Typical morphological changes including TA/IF in allograft appeared at week 8 and became very severe at week 12 post-transplantation. CTGF expression in epithelium was up-regulated early and urinary CTGF was markedly elevated from week 4. SCr in recipients was stable before week 8 but increased tremendously at week 12. Urinary CTGF concentration was positively correlated with SCr and degree of interstitial fibrosis.
Urinary CTGF increases earlier than the appearance of biochemical abnormalities and pathological changes. Measurement of urinary CTGF may offer a potential non-invasive strategy to predict the early onset of chronic renal allograft injury.
Scandinavian Journal of Urology and Nephrology 01/2009; 43(5):390-9. · 1.01 Impact Factor
[Show abstract][Hide abstract] ABSTRACT: Many strategies are explored to ameliorate kidney allograft tubular atrophy and interstitial fibrosis (TA/IF), but little progress has been achieved. The latest evidence suggested that CD133+ cell in kidney represent a potential multipotent adult resident stem cell population that may contribute to the renal injury repair. Here we investigate whether the CD133+ cells exist in transplanted renal and exert a growth and self-repair procedure in TA/IF.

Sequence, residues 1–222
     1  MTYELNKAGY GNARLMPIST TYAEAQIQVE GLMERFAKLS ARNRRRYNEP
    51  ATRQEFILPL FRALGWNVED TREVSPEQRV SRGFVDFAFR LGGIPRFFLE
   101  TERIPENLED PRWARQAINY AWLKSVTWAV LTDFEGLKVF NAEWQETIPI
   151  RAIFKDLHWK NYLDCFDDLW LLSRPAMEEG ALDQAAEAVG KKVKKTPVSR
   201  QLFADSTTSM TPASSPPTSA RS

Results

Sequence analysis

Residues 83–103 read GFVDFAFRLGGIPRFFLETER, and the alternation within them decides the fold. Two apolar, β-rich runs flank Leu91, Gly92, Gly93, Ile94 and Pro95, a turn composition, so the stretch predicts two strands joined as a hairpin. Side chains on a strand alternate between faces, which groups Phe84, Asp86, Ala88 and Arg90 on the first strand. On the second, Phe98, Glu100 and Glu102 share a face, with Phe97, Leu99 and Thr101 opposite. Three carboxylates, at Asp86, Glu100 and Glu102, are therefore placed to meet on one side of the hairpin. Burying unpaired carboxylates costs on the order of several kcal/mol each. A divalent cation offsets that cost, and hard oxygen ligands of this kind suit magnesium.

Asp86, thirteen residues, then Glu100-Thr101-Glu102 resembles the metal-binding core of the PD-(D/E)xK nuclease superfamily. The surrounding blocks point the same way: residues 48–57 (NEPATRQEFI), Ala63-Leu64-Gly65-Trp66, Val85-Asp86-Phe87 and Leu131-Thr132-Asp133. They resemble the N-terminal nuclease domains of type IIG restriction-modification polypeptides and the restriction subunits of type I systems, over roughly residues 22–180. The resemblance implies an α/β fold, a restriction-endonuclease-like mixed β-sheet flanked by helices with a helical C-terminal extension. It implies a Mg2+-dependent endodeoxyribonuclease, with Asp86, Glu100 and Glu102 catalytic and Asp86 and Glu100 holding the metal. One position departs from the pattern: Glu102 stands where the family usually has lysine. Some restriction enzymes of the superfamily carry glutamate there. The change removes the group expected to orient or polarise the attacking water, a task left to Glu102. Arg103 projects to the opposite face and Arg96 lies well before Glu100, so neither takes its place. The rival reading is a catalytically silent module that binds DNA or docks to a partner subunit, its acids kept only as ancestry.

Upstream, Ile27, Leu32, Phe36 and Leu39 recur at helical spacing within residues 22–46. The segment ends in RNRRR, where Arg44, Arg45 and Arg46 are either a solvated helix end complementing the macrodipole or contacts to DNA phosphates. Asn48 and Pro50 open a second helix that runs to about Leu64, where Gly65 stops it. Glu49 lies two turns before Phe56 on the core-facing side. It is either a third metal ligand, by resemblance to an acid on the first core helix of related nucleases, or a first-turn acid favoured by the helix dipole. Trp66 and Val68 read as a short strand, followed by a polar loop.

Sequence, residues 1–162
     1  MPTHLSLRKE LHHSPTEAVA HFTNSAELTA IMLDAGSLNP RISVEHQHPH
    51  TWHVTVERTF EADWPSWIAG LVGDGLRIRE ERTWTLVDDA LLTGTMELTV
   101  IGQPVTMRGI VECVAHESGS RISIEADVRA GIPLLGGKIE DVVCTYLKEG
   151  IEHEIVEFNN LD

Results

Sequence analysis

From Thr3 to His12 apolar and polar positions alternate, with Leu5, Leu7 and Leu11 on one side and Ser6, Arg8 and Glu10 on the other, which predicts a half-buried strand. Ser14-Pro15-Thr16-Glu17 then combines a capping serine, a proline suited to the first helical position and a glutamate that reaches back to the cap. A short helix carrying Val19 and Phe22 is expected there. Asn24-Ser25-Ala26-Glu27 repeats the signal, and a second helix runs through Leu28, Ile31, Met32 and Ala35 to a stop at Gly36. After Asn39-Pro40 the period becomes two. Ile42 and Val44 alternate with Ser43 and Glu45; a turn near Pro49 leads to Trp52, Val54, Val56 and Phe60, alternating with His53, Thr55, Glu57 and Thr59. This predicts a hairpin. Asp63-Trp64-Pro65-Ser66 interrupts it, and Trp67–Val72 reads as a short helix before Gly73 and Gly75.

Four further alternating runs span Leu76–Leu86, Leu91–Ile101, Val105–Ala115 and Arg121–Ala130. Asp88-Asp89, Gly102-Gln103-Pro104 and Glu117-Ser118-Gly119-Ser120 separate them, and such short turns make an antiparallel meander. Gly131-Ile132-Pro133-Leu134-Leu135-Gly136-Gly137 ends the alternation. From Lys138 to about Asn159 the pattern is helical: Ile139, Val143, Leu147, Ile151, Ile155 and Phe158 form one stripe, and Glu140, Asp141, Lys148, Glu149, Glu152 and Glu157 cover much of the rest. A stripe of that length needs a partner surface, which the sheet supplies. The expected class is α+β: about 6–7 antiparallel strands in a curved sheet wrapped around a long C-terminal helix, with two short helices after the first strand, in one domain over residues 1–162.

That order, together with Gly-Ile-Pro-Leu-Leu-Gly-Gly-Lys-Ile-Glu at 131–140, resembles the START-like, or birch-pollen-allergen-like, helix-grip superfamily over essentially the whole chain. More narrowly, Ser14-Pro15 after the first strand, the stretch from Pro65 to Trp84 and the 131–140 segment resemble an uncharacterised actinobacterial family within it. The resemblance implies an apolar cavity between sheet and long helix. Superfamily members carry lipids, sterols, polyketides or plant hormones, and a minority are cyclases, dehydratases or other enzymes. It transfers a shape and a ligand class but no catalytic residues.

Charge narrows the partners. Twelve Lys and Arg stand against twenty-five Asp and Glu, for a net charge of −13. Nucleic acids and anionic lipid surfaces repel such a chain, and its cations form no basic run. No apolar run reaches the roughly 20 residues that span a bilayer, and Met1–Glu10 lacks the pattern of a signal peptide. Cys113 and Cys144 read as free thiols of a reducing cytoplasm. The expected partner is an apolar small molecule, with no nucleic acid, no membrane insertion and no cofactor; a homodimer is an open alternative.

Allografts from rat kidney transplant models were harvested at 4 weeks, 8 weeks and 12 weeks post transplantation. We performed immunohistochemistry to detect the CD133+ cells and immunofluorescence to detect the co-expression of CD133 or Pax-2 with Ki-67. We furthermore analysed the E-cadherin using serial sections.
CD133+ cells were seldom seen in control kidney, but distributed sporadically in the cortex parenchyma along with the deterioration of TA/IF. The number of CD133+ cell increased after 4 weeks and reached the peak at 8 weeks, then decreased at 12 weeks. From 8 weeks, some new tubules expressing E-cadherin were constructed with CD133+ cells. Almost all the CD133+ cells were Ki-67-positive, but not all the Ki-67+ cells expressed CD133. The rest Ki-67+ cells almost expressed Pax-2.
Our study reveals that when majority of the tubules are damaged, a self-repair mechanism is evoked by potential adult stem cells to compensate the renal function. Thus, potential adult resident stem cells offer a new avenue for autologous cell therapies in TA/IF.